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Golden Brown — 17 Comments

  1. What a fun and profitable experiment! The color is wonderful and the story about the discovery of it, and the uniqueness of it, will please all who see it!

  2. Yes, a lovely warm color, Because of all the hard work involved that color must be, if not unique, then rare.

    • J > Ah, but there’s the rub of the matter. No matter how methodically used, plant dyes are subject to the variability of natural materials – wool, mordant, dyestuff and many other factors (and behind some of those three, the soil and weather and genetics!) make for variability in colour – and therefore every skein is unique. That’s the joy of natural dyeing!

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  4. Having lived in NZ for so many years NZ flax has become one of my pet hates but who knew you could use them as a dyes, and a fantastic coloured dye at that. Every day I learn something in the blogosphere. Thanks.

  5. The color is beautiful! I never knew about NZ flax, but I always loved growing the European flax when we lived in NJ. It is an super huge job to get those fibers out and ready for spinning. I have never heard of using rhubarb as a mordant. I just recently read about using soy milk to mordant cotton fibers before natural dyeing. I would love to try the rhubarb! (Do you use the stalks or the leaves?)

    • D > Soy milk as mordant makes for expensive yarn! Rhubarb leaves (for that is what is used) would otherwise go on the compost. Boil up for an hour so, and then strain the liquor off, and then leave to dry completely (if storing for later use), or to uniformly just-damp if using immediately. The rhubarb does colour white yarn to a pale drab sand colour, so most useful for fuller-toned colours.

      • Yes, I agree that soy milk would make an expensive mordant. Thanks for the instructions on the rhubarb. If my gmama oats don’t nibble the rest of the leaves off, I will make some up. I usually only have silver and grey year to dye, so I will see how that goes!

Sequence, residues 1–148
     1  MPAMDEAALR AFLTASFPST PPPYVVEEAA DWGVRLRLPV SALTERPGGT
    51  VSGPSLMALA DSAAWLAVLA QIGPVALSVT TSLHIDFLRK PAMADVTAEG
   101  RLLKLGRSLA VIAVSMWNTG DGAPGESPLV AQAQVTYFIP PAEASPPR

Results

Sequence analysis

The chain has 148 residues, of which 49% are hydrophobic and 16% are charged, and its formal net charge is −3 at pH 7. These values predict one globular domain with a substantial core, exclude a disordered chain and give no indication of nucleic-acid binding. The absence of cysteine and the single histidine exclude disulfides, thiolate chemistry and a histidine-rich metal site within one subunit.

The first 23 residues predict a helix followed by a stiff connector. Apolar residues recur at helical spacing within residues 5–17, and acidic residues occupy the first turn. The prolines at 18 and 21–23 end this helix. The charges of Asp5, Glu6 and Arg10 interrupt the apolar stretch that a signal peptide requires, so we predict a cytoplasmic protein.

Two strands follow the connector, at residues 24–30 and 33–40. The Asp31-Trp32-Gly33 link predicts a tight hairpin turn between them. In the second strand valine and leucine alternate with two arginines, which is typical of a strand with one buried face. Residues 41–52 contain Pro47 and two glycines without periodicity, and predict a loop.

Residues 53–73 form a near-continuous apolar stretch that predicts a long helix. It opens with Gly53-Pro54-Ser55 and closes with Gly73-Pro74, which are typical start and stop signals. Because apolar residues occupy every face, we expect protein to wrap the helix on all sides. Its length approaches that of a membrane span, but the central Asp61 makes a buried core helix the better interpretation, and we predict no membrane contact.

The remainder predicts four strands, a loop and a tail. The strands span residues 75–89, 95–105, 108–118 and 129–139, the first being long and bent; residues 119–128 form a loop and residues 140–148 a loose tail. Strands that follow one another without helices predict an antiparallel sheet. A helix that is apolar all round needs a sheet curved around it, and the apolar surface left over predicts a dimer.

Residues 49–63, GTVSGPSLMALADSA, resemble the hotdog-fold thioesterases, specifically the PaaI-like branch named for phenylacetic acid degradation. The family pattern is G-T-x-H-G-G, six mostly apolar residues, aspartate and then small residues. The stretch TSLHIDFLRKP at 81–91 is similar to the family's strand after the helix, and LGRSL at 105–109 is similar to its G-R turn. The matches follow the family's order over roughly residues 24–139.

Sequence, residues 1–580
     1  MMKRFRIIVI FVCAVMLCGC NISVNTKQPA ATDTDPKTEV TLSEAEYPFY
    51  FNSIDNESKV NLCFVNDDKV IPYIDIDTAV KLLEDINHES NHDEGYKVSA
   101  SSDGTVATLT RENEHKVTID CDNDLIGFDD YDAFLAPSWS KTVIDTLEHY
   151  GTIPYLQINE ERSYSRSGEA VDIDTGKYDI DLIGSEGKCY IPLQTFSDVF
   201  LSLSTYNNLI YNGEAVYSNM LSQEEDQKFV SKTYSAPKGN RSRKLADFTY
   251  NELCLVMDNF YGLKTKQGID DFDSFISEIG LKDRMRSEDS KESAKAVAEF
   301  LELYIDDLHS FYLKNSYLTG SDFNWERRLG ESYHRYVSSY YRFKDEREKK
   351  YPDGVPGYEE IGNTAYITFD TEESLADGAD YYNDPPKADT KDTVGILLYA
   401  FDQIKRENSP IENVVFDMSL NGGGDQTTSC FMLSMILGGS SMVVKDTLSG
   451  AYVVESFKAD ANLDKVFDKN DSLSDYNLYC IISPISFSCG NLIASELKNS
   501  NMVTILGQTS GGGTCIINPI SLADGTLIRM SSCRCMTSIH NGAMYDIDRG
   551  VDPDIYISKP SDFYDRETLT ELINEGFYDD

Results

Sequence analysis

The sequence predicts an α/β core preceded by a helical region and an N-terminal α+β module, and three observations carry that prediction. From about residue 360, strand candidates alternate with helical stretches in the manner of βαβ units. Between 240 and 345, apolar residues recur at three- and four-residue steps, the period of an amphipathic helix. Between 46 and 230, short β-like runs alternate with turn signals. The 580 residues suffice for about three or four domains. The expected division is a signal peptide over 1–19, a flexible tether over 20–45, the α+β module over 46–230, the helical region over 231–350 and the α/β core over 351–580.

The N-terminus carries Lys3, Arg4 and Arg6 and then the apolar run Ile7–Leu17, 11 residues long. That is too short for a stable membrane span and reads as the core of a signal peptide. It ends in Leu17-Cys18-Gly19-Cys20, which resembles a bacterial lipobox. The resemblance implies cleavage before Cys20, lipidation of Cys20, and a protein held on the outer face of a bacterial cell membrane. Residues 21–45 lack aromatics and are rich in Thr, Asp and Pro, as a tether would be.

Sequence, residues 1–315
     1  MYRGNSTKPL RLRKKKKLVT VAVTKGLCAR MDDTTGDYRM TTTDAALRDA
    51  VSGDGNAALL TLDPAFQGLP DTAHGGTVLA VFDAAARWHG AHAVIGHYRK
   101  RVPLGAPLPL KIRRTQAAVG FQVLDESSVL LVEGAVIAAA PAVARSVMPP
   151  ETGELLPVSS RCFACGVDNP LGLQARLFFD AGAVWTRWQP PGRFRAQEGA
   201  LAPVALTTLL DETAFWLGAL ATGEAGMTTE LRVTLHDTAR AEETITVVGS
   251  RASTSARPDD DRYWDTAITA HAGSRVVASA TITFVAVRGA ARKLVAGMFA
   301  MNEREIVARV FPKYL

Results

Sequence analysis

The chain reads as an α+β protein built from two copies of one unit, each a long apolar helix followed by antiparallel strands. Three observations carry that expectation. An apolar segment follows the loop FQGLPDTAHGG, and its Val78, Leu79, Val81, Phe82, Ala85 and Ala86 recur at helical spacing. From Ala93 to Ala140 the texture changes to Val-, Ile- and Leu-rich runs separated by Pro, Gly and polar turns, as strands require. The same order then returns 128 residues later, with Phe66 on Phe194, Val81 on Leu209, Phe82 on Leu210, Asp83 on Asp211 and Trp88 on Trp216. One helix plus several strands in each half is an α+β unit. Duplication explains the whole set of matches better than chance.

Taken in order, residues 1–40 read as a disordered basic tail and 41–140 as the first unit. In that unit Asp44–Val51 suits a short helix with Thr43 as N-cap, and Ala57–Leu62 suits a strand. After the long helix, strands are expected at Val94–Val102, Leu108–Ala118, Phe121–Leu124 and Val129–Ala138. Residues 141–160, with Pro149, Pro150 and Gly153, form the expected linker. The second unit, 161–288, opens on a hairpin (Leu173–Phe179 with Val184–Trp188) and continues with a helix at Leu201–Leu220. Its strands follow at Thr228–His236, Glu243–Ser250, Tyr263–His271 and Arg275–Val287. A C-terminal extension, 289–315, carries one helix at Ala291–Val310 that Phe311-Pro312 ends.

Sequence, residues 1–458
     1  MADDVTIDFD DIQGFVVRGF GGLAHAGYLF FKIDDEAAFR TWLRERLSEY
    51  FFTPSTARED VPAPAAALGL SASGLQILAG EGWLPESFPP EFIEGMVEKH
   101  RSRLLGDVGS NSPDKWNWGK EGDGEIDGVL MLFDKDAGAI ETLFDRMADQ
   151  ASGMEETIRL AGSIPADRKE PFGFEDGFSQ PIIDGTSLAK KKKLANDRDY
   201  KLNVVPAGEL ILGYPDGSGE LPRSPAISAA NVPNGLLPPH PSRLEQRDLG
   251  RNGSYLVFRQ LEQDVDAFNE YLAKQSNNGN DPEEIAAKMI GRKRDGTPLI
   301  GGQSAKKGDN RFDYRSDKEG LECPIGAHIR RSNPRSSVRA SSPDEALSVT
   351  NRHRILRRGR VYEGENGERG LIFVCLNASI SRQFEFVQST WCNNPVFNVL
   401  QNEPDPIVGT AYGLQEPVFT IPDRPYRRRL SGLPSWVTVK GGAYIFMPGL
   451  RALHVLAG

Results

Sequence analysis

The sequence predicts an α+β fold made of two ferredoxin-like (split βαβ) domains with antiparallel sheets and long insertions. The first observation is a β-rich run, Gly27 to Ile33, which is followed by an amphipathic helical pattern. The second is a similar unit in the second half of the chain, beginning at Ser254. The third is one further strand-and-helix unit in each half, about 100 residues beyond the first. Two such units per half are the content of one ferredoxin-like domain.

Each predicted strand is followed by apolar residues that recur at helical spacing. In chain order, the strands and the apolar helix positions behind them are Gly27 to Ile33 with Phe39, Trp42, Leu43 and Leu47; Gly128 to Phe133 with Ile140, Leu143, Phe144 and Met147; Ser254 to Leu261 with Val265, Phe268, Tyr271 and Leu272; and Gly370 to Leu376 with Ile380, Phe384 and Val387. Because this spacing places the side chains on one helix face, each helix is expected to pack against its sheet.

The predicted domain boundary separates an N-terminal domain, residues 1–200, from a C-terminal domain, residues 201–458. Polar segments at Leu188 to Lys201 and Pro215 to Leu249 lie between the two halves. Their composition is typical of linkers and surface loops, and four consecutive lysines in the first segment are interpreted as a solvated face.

6. Very interesting for me as a New Zealander to see the dye being made from the the berries. There are groups of Maori today working hard on keeping alive the old traditions of stripping the fibres from the leaves and making fine fabric from these threads, all done by hand – which takes hours and hours. They start by soaking the leaves in water for days, in the local creeks and swamps. Then they spin the thread by hand, then weave by hand. A tribe or village needed to be prosperous and well organised to be able to spare enough people to do all this work. It still takes a lot of organisation and people today.

    • D > That’s a very interesting comment. Although very very different plants, the fibres from both NZF and European Flax are processed in very similar ways – and are similarly very labour-intensive, have become very much a cornerstone of culture – most obviously in New Zealand. J and I would love to visit NZ – but not for bungee-jumping or any of the other usual tourist activities, but on a fibre and fabric tour!

      • Google New Zealand flax weaving for visitors. I found tourist flax weaving centres mentioned for Rotorua, Nelson, Taupo and Taranaki, just for starters. The Rangimarie Hetet centre was founded by Rangimarie who was a noted weaver who passed away a few years ago, in her nineties. She had been taught by the old women in her tribe who knew the old traditional knowledge of flax. You may also be interested in the New Zealand “flax library” being maintained by the Department of Conservation, to keep as many species of New Zealand going as possible.

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